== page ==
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8 Underrated U.S. State Parks to Visit

By K.C. Dermody
Read time: 5 minutes

When most people think about America’s parks, they think of places like Yellowstone and Yosemite, but there are many state parks that can rival even some of the best national parks. The U.S. is home to more than 6,600 state park sites which protect over 14 million acres of diverse landscapes, from arid deserts to coastal forests and soaring mountains. If you were to explore one every day, it would take you over 18 years to see every state park. Don’t know where to start? Check out these eight standout state parks around the country and the features that make them well worth the visit.

Caddo Lake State Park – Texas

Cypress grove in Caddo Lake State Park in Texas
Photo credit: IrinaK/ Shutterstock

One of the rare state parks made up of more water than land, East Texas’ Caddo Lake State Park takes its name from a 26,000-acre lake with a large cypress grove rising out of its dark waters. The scenery is even more eerie in fall, after the trees have shed their leaves and appear bald. The short stumps you’ll see poking up through the water’s surface are called cypress “knees,” which are above-ground extensions of bald cypress root systems. This is the world’s largest intact cypress forest — and one of the country’s few forests that are better explored by boat than on foot.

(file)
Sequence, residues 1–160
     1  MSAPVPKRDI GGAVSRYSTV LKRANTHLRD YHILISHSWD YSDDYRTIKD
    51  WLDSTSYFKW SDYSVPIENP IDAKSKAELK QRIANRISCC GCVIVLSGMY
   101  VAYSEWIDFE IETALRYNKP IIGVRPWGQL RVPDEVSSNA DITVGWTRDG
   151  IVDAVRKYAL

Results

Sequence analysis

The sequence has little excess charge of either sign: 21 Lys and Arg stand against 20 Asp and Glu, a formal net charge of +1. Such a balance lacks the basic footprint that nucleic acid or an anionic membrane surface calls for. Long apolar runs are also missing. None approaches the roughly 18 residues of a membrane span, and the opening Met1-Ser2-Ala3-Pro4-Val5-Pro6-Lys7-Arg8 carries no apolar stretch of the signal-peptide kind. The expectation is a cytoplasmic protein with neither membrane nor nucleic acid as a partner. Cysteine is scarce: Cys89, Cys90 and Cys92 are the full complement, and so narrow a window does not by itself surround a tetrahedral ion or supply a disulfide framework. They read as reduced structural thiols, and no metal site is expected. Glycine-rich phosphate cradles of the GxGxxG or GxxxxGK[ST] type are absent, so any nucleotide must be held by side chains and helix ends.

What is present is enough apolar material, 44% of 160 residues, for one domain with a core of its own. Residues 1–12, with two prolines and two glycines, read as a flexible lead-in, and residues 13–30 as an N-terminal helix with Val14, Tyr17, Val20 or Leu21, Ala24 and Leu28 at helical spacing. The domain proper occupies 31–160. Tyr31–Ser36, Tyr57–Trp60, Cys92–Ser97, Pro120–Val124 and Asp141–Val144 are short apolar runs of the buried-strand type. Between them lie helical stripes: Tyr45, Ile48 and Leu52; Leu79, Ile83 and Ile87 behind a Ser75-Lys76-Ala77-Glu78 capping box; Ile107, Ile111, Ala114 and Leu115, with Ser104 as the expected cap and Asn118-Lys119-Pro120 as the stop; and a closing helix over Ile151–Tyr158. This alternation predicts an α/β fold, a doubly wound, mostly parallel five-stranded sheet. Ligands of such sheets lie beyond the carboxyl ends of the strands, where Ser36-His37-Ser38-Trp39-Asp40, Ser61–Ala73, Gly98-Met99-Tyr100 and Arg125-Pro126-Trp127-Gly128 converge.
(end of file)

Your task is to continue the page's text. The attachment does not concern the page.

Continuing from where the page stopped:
Chugach State Park – Alaska

Hikers next to mountain lake in Chugach State Park in Alaska
Photo credit: Jonathan A. Mauer/ Shutterstock

Alaska is home to the largest state park system in the U.S., covering over 3.3 million acres, and Chugach State Park sits just beyond the foothills at the edge of Alaska’s largest city, Anchorage. Located about a 25-minute drive from downtown, Chugach covers 773 square miles, which also makes it the country’s largest urban park. The wildlife-rich habitat features animals such as black and brown bears, moose, lynx, foxes, mountain goats, wolves, Dall sheep, river otters, and beavers. The park is also known for its recreational activities, including fishing, hiking, mountain biking, horseback riding, ATV riding, snowmobiling, and camping. 

Custer State Park – South Dakota

Dramatic rock formation and lake in Custer State Park in South Dakota
Photo credit: JimCottingham/ Shutterstock

Many visitors come to Custer State Park — covering over 70,000 acres in South Dakota’s Black Hills — to swim, paddle boat, fish, or simply admire the view of the incredibly picturesque Lake Sylvan. However, the park is perhaps best known for its herd of approximately 1,500 free-ranging bison, one of the world’s largest bison herds. Drive the 18-mile Wildlife Loop Road, and there is a good chance you’ll come to a halt when bison cross in front of you. Watch out for wild turkey, deer, elk, pronghorn antelope, bighorn sheep, and mountain goats, too.

Humboldt Redwoods State Park – California

Coastal cliffs and Pacific Ocean below in Humboldt Redwoods State Park in California
Photo credit: Zack Frank/ Shutterstock